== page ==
"utilize every opportunity in discovery to gain further ... data." It was
seized under designated item 155 (Snow White).
(12) Exhibit 39 contains letters written among police officers about
Scientology. They were seized under designated item 31: " 'Documents denied in
entirety' (on FOIA request) comprised of correspondence between and among
members of INTERPOL requesting and transmitting information concerning L. Ron
Hubbard and Scientology." (From Description of Property, JA 33).
(13) Exhibit 40 is a compliance report on G.O. 1634 and thus fits under
designated item 153. JA 38.
(14) Exhibit 41 is a Snow White FOI document, seized under designated item
155. JA 38.
(15) Exhibit 42 mentions both "SW" and G.O. 1634-3 and so falls under
designated items 153 and 155. JA 38.
(16) Exhibit 43 is basically the same as Exhibit 41.
(17) Exhibit 44 is basically the same as Exhibit 41; it is a legal pleading in
a Snow White Interpol FOI action.
*129 **86 (18) Exhibit 45, similar to Exhibit 39, was taken under
designated item 31. JA 33.
(19) Exhibit 46 is an "SW" memo from one Scientologist to another. Paragraph
5 states that a visitor gave the writer "some documents last July pertaining to
the RCMP (Royal Canadian Mounted Police) in Canada, and Interpol. Today he
said these documents were 'lifted' by (deleted), who got them out of the files,
of RCMP." This document was taken under designated items 155 and 162. JA 38,
(20) Exhibit 47 is an internal IRS memo ("Official Use Only") taken under
designated item 162 as a fruit and evidence of crime. It could well be
stolen. JA 39.
(21) Exhibit 48 is a letter from Scientology to a law firm. The agent
answered "don't know" as to why this item was seized. Tr. 562. The letter
reports on investigations of Scientology by several nations' law enforcement
agencies. It does not explain how all of this information was obtained and
states "we have a number of investigations still in progress concerning this
and other info which I will send to you directly about this FBI 'secret'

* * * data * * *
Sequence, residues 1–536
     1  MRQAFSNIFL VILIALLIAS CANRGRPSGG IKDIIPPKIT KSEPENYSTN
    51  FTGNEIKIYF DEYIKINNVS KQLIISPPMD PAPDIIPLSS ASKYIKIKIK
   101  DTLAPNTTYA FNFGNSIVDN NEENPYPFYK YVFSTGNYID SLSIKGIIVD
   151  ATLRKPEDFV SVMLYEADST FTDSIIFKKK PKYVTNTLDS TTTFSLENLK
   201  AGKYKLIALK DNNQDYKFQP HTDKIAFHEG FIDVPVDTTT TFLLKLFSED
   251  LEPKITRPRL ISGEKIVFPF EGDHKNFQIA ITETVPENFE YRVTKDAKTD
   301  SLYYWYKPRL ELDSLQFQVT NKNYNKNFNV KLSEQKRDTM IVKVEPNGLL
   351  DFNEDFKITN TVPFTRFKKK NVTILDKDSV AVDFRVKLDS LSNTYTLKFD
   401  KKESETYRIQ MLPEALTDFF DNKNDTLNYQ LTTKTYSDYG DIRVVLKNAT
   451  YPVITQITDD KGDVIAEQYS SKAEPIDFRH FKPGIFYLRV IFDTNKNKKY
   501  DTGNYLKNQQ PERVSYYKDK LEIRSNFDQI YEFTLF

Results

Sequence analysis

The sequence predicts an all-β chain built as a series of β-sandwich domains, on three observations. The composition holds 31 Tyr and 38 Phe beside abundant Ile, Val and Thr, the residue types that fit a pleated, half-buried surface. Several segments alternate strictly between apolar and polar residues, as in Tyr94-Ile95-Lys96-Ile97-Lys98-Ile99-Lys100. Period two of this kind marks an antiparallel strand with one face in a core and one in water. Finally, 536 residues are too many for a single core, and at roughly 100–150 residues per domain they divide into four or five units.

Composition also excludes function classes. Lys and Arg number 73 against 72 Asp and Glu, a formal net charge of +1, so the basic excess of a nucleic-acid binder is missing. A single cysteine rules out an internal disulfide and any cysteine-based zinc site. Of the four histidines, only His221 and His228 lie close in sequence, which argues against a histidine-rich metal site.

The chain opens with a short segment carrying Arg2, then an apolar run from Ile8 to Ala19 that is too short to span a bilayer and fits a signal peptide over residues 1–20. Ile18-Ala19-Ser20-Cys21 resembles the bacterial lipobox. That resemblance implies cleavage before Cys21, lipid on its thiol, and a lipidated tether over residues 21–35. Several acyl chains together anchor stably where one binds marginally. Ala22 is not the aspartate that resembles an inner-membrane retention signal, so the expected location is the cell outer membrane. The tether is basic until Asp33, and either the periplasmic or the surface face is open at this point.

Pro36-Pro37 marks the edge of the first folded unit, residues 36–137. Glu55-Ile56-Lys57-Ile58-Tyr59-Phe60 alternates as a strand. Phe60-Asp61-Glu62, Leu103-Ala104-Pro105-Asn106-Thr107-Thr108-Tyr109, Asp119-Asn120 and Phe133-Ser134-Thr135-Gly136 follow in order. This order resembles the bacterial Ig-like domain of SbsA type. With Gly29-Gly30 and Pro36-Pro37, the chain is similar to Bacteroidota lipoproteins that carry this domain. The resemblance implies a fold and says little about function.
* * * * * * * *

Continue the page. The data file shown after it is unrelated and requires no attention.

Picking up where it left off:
data." Such reference corroborating covert activities was seizable in order to
explain how the information on Interpol was obtained from government sources.
(22) Exhibit 49 consists of files released by the FBI in response to FOIA
requests. This might indicate which files the Scientologists were interested
in taking. It also might indicate what files they did not receive from a
particular law suit and hence which files might be targeted from covert
acquisition. It might also indicate redacted information that Scientology
would attempt to obtain by covert means. Most of these are Snow White items
seizable under designated item 155, although a lack of testimony as to exhibits
49-64 makes this conclusion uncertain. The record thus does not contain
sufficient facts to order the return of these exhibits.
(23) Exhibit 55 is a series of letters which indicate that the Scientologists
were aware of an English police report to which they had no authorized access.
Evidence of an unlawful conspiracy to steal government documents in England may
have some bearing on a similar conspiracy to accomplish the same illegal
objective in the United States.
(24) Exhibit 57 is apparently a "truth packet" prepared by Scientology to be
sent to European law enforcement agencies. Its relevance, if any, may depend
on the reference it makes to Interpol, which was one target of Scientology's
(25) Exhibit 58 is the report of a Scientologist who visited the Coast Guard
to view files. As the supporting affidavit states, part of the unlawful
conspiracy included a program directed against the Coast Guard.
(26) Exhibit 62 mentions agencies logged under 1634-1-1 project and thus could
be seized under designated item 153 of the warrant, which refers to Guardian